No matter what track you’re listening to on The Last Day of Fighting, you’re sure to hear some relaxing, enjoyable acoustic music. Lots to love here.
Some artists are so idiosyncratic that they become required listening despite whether you like that style or not. Depending on their popular success, these people are the greats or the “songwriter’s songwriter.” I’m talking Kendrick Lamar, Beyonce, Leonard Cohen, Bob Dylan, Daniel Johnston, The Gorillaz: people who are doing their own thing with a very specific, easily identifiable creative vision. Matthew Squires has been developing a very distinct creative vision for a while now, and Tambaleo brings his fractured, angular, skeptically-but-knowledgably-religious indie-pop to new heights.
The main focus of these songs is Squires’ weary, slightly off-kilter tenor. It’s not your standard voice, even for that particular region of the indie-pop map which celebrates the atypical and imperfect. Squires’ voice rotates between being a spot-on melody maker (“Welcome”), a speak/sing drawl (“Sex & Tragedy”), a slurry dartboard (“Unwholesome Health”), and an onomatopoeic sound machine (“Grace’s Drum”). Sometimes it’s all of these in the space of a single song or even the space of a few lines. For some, the singing will be the reason for attendance; for others, it will be the price of admission. Whichever end of the spectrum you land on, it’s a distinct voice.
The arrangements here are also excellent. Packed full of instruments that seem to be taking their own path through the track at loping tempos, these individual performances come together to fill out Squires’ unique songwriting sensibility. Squires is endlessly inventive and not afraid to experiment with tones, textures, rhythms, and instrument pairings. This makes for songs that clang (“Dead or Dying”), skip along in a twee fashion [“Hosanna (Devotional #3)”], push along in a recognizably indie-pop manner (“Welcome”), and even get their pop-rock on … sort of (“Shape of Your Heart”). All of them have a left turn about every 20 seconds. Some albums keep you on your toes; this one will have you en pointe.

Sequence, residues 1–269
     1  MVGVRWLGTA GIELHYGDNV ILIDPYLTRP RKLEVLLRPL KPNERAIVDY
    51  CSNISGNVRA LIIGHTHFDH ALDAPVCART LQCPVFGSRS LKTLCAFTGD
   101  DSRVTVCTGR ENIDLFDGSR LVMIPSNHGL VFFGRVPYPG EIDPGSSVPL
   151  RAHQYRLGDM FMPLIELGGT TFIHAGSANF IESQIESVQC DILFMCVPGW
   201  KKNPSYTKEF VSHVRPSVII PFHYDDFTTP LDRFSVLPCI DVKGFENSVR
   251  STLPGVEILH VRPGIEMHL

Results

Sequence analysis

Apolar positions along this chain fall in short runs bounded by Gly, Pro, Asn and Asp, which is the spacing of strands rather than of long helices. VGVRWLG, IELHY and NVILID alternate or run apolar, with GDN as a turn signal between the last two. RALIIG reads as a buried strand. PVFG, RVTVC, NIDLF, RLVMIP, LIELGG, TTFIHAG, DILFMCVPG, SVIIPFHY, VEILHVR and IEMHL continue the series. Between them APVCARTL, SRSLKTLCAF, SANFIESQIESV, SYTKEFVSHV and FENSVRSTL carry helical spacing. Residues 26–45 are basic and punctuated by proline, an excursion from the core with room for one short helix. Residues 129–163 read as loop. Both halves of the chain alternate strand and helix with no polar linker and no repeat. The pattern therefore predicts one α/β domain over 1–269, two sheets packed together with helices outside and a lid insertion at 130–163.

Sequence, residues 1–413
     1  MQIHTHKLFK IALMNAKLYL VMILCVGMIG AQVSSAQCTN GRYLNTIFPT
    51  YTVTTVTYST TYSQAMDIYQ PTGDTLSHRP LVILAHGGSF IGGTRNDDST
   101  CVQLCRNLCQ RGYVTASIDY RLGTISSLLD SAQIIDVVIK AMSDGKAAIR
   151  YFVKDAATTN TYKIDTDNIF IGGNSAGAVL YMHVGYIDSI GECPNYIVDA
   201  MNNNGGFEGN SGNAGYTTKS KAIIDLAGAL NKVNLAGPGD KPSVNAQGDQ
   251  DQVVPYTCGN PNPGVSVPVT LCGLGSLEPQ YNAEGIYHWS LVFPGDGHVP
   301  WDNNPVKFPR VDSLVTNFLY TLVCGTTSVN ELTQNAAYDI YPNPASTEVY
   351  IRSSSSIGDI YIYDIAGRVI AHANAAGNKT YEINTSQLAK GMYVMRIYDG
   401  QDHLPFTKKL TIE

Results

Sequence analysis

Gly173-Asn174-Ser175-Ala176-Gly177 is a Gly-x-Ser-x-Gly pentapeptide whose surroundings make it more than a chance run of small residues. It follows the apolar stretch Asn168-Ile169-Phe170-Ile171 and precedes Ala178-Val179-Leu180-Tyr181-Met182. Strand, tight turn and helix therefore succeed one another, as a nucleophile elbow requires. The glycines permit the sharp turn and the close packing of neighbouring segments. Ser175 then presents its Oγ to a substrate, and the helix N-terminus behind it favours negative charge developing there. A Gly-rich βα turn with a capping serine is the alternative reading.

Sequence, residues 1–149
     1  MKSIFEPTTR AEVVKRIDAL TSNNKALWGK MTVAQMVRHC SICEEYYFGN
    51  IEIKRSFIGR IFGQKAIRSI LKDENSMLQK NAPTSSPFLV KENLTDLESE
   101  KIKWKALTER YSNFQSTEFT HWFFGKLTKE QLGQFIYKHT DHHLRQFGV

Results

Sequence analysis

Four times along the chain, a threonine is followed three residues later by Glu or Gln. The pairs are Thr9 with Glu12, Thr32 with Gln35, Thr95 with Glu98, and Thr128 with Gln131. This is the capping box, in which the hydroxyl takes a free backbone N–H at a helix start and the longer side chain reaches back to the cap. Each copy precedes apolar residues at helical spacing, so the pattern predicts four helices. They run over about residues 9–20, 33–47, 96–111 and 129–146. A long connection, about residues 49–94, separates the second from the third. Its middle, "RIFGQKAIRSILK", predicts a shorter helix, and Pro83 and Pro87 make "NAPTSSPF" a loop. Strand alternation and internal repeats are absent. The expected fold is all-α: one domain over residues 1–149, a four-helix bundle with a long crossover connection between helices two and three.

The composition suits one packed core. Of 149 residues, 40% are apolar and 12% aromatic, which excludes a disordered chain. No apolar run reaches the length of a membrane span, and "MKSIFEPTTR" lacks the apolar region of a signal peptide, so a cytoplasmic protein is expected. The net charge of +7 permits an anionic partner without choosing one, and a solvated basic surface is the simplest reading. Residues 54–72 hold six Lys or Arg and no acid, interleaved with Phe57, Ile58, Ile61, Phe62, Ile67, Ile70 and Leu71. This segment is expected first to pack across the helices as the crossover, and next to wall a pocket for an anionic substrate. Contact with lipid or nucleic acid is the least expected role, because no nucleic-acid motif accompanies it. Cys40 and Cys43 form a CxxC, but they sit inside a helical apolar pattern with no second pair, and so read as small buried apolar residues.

One of the most interesting things about Squires is his continued relationship with religion in his lyrics. Squires is well versed: like any honest religious person, there are moments of certitude, moments of doubt, and moments of skepticism in his relationship to religion. “Unwholesome Health” opens with “Judas was all alone / when he called me on the telephone / and told me about the pain he had caused / about Mary’s face when her Son was torn apart,” while “Welcome” closes with Squires speaking to himself: “You were named after a friend of the son of God / now bracket for a moment whether God exists or not / Have you been kind? / Have you been kind? / Have you been kind?” “Hosanna (Devotional #3)” wears the references on its titular sleeve, while other songs weave religious characters, terms and ideas through the lyrics more subtly. It treats religion as not something to be partitioned away from life, but woven all through it. I dig it.
Not every song on Tambaleo is independently majestic (“Debt Song” isn’t my favorite), but the whole collection is a deeply thoughtful, incredibly well-crafted album from a musician who is hitting his stride. This is the sort of album that not very many people could have made; a wild array of influences mesh into a idiosyncratic, deeply interesting album. Recommended.
Stephen Carradini and friends write reviews of bands that are trying to make the next step in their careers.